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Where's the legal line drawn in animal-rights activism?

WASHINGTON - A federal courthouse in Boston and a ranch in
California's San Joaquin Valley present competing faces of the animal
rights movement.

One side is peaceful. The other, decidedly, is not. Both can feel the
weight of the law and the sting of being called a terrorist.
Meeropol, who's with the New York-based Center for Constitutional
Rights, is representing Minneapolis resident Sarahjane Blum and four
other activists in the lawsuit, filed Dec. 15. It argues that the 2006
Animal Enterprise Terrorism Act violates the First Amendment rights of
those who want to protest how animals are treated.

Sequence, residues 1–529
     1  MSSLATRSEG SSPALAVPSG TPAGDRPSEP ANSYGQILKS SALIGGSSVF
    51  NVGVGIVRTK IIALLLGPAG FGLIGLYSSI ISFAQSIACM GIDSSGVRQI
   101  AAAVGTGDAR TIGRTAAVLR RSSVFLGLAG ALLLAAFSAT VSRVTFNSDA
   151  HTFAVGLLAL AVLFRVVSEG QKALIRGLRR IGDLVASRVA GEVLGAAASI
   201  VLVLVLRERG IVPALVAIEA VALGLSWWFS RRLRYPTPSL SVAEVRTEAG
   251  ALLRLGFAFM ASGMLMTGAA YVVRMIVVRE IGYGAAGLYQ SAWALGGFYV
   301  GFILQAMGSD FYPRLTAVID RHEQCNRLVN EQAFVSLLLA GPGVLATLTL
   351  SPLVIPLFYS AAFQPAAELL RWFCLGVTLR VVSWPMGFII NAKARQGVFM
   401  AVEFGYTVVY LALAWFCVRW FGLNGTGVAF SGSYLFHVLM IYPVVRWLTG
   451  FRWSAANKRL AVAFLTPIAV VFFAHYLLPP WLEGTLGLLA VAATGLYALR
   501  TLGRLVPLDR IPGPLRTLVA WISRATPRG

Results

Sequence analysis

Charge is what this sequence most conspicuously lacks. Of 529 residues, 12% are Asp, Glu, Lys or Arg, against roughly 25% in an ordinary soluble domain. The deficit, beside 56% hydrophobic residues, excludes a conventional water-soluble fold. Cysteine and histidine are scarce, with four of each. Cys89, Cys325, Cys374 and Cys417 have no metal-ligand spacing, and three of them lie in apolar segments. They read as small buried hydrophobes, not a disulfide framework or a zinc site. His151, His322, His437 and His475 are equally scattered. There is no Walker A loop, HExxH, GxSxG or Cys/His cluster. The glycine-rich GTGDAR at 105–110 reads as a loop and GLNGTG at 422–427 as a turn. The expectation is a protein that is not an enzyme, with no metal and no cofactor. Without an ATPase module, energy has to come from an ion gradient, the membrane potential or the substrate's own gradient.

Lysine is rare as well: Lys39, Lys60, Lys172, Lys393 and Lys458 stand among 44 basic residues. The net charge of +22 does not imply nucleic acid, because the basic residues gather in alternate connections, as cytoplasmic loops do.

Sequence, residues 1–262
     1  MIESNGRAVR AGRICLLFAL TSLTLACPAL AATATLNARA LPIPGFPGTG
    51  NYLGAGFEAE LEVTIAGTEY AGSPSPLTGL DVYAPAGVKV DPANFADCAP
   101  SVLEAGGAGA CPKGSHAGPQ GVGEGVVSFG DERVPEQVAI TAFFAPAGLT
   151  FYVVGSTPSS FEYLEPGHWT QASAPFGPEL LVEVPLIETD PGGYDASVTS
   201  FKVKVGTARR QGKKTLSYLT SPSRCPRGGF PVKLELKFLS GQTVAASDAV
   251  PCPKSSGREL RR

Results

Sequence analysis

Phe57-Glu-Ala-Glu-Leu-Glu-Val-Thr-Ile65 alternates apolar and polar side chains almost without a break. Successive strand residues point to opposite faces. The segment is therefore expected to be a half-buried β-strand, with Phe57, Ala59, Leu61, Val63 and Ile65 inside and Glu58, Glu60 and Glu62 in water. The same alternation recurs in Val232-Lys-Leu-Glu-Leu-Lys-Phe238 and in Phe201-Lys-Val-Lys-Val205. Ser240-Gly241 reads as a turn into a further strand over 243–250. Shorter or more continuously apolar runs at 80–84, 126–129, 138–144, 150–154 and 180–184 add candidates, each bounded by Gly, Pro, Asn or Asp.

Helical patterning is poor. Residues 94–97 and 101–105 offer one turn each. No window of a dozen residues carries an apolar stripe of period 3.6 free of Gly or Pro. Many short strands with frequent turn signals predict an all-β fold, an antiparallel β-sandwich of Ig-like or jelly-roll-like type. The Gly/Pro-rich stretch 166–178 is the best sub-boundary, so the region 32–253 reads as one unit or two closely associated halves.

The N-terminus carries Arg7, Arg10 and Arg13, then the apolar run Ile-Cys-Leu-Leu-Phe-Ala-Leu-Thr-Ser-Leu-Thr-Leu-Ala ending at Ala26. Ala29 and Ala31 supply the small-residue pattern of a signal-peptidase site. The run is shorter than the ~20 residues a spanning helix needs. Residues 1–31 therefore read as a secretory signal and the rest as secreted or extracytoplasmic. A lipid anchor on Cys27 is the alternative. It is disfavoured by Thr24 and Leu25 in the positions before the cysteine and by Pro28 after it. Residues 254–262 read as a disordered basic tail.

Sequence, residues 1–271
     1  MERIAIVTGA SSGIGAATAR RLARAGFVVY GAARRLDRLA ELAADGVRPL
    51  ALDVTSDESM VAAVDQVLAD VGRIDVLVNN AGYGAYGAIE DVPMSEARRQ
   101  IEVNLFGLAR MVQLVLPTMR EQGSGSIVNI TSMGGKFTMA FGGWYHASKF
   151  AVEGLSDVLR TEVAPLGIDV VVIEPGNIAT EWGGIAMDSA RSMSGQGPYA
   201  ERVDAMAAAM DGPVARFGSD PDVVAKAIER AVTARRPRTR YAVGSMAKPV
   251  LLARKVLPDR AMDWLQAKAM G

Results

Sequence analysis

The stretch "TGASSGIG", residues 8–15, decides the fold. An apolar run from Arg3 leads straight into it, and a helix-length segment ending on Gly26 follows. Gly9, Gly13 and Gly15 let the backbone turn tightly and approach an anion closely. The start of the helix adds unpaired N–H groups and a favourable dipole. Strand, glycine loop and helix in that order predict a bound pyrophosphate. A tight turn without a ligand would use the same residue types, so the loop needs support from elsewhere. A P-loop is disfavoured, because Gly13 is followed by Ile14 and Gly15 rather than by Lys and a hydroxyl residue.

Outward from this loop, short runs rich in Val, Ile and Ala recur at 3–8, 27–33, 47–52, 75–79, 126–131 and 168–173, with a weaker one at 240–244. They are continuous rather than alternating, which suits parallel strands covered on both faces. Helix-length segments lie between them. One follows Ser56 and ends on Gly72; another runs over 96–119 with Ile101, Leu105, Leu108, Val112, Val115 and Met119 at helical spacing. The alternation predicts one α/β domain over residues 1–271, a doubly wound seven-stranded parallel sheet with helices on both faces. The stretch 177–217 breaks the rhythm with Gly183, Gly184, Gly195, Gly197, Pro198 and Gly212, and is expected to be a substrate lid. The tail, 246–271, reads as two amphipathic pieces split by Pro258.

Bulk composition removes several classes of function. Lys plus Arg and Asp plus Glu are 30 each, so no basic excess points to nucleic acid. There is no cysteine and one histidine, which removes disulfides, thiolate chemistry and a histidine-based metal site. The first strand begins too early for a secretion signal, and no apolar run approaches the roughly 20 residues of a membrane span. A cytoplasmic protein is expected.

Blum, for one, founded, whose advocacy efforts
helped persuade the California legislature in 2004 to ban traditional
foie gras production. The ban, which blocks the force-feeding of ducks
"for the purpose of enlarging the bird's liver beyond normal size,"
takes effect in July.
Farm groups insist that animal-rights groups must help find the perpetrators.

"If they sit by silently while animal rightists attack law-abiding
businesses, they are passively endorsing domestic terrorism," Paul
Wenger, the president of the California Farm Bureau Federation, said
this week in a statement.

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